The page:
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Creole MedievalismColonial France and Joseph Bédier's Middle Ages$
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Michelle R. Warren

Print publication date: 2011

Print ISBN-13: 9780816665259

Published to Minnesota Scholarship Online: August 2015

DOI: 10.5749/minnesota/9780816665259.001.0001

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Between Paris and Saint-Denis

Between Paris and Saint-Denis

Chapter:
(p.76) Chapter 3 Between Paris and Saint-Denis
Source:
Creole Medievalism
Author(s):

Michelle R. Warren

Publisher:
University of Minnesota Press
DOI:10.5749/minnesota/9780816665259.003.0003

This chapter discusses some of the particularities of Joseph Bédier’s own formation as a “creole”. It examines his personal history—political affiliations, inherited creole culture, and explicit statements of creole identification. Politically, Bédier maintained seemingly incongruous affinities, from the socialist to the reactionary. Bédier’s contradictory political engagements derive from the fissures of creole subjectivity, themselves shaped by the contradictions of medievalism. On the one hand, Réunionnais elites embraced an idealized notion of chivalry that they translated into a mythology of racial purity. On the other, they resisted metropolitan efforts to compare the colony to “primitive” French provinces. The same duality characterizes Bédier’s personal relationship to creole identity. As he engages colonial memory in letters, speeches, and other autobiographical statements, he portrays the island as a source of loss and fulfillment, exile and belonging. Together, these biographical details establish Bédier as a representative “creole” as well as a unique “medievalist”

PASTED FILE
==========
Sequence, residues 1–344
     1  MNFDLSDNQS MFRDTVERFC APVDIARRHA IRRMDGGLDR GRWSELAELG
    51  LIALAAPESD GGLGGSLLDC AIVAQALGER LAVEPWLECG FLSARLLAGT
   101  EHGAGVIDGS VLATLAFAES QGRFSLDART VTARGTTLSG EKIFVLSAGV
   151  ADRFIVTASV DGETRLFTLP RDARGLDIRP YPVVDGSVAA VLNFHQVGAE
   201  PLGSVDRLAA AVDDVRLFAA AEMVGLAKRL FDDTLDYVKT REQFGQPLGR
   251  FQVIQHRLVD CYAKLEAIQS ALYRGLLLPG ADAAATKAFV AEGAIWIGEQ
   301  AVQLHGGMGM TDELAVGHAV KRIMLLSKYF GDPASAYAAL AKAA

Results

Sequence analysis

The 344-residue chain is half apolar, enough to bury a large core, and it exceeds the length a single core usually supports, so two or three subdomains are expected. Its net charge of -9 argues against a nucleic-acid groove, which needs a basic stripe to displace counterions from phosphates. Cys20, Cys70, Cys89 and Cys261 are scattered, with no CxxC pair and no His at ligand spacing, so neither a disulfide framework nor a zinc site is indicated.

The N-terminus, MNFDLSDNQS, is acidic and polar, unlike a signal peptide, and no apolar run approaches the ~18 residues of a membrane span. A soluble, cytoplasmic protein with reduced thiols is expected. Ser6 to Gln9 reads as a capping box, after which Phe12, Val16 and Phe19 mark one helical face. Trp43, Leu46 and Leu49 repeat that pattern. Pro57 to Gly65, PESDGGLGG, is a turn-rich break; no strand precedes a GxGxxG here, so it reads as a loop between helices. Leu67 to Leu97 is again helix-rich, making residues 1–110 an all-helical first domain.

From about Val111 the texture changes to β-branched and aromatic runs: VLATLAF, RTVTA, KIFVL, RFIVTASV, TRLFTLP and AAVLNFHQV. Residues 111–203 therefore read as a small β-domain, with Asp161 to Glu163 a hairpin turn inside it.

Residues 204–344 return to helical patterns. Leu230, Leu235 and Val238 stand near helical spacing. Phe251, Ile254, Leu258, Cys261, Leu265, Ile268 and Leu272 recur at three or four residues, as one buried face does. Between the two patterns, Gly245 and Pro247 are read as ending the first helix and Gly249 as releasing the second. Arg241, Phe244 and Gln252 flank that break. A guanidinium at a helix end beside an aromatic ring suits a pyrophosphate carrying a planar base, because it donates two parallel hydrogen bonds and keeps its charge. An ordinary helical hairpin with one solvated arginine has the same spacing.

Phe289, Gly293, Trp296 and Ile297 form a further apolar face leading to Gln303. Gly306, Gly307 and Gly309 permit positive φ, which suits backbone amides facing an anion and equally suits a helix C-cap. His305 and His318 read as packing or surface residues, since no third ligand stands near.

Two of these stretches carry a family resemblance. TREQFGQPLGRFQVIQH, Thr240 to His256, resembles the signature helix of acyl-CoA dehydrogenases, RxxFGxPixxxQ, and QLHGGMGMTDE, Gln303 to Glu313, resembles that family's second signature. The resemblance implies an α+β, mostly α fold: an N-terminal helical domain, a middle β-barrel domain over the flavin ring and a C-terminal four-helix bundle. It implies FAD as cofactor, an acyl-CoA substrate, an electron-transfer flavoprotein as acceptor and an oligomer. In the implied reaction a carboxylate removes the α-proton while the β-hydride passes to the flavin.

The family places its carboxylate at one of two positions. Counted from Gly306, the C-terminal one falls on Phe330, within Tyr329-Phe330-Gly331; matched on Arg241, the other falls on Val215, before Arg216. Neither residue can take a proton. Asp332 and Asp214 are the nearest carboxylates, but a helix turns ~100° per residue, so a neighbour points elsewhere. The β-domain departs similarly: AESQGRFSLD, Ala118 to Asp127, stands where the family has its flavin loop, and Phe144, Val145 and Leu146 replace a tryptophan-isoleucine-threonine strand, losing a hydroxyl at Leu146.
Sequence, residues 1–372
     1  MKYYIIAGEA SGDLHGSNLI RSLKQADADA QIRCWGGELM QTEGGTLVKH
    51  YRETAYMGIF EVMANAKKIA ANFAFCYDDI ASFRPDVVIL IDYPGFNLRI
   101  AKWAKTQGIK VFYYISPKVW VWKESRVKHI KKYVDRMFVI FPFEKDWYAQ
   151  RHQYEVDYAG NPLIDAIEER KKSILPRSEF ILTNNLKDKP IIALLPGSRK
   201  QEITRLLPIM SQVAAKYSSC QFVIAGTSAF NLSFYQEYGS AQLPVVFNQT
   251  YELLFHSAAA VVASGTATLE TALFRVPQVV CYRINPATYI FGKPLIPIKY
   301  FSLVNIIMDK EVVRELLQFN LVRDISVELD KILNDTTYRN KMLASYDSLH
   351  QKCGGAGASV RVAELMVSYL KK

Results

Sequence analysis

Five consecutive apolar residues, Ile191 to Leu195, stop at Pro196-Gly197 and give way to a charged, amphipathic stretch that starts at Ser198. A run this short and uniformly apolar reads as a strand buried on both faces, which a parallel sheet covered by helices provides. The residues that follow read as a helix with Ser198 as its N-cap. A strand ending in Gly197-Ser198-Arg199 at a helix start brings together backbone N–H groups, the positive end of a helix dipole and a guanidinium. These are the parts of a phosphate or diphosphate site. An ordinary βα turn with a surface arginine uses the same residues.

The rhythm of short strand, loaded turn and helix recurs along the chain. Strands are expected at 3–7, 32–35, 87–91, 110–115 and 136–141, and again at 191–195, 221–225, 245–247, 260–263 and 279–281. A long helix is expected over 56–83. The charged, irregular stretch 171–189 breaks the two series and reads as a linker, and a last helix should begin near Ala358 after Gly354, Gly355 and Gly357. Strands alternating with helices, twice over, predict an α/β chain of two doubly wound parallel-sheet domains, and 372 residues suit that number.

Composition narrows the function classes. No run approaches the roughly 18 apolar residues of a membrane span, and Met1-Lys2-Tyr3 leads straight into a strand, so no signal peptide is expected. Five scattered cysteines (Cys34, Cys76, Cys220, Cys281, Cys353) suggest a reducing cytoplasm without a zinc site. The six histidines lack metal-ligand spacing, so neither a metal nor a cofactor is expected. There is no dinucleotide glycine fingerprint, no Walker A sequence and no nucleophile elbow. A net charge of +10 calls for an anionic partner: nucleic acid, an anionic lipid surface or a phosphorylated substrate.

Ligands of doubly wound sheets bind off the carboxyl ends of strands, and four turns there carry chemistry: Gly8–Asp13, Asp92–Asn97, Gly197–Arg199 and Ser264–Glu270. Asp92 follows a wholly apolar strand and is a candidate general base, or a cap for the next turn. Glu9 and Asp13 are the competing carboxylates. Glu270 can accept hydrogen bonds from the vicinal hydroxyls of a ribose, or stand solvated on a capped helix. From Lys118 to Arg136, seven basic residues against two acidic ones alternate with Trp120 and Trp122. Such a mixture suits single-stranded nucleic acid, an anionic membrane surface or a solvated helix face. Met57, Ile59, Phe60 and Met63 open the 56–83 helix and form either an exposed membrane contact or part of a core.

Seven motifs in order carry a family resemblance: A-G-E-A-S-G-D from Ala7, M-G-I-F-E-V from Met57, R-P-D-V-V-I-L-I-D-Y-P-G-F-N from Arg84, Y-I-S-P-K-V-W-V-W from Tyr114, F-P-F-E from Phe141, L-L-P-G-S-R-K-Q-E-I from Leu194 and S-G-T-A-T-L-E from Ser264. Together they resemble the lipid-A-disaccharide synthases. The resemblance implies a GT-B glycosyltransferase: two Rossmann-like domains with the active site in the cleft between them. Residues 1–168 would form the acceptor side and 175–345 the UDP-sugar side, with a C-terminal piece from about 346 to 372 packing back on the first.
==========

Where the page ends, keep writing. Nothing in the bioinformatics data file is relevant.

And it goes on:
Keywords:   Joseph Bédier, creole, political affiliations, creole culture, creole identification, socialist, reactionary, creole subjectivity, medievalism, Réunionnais

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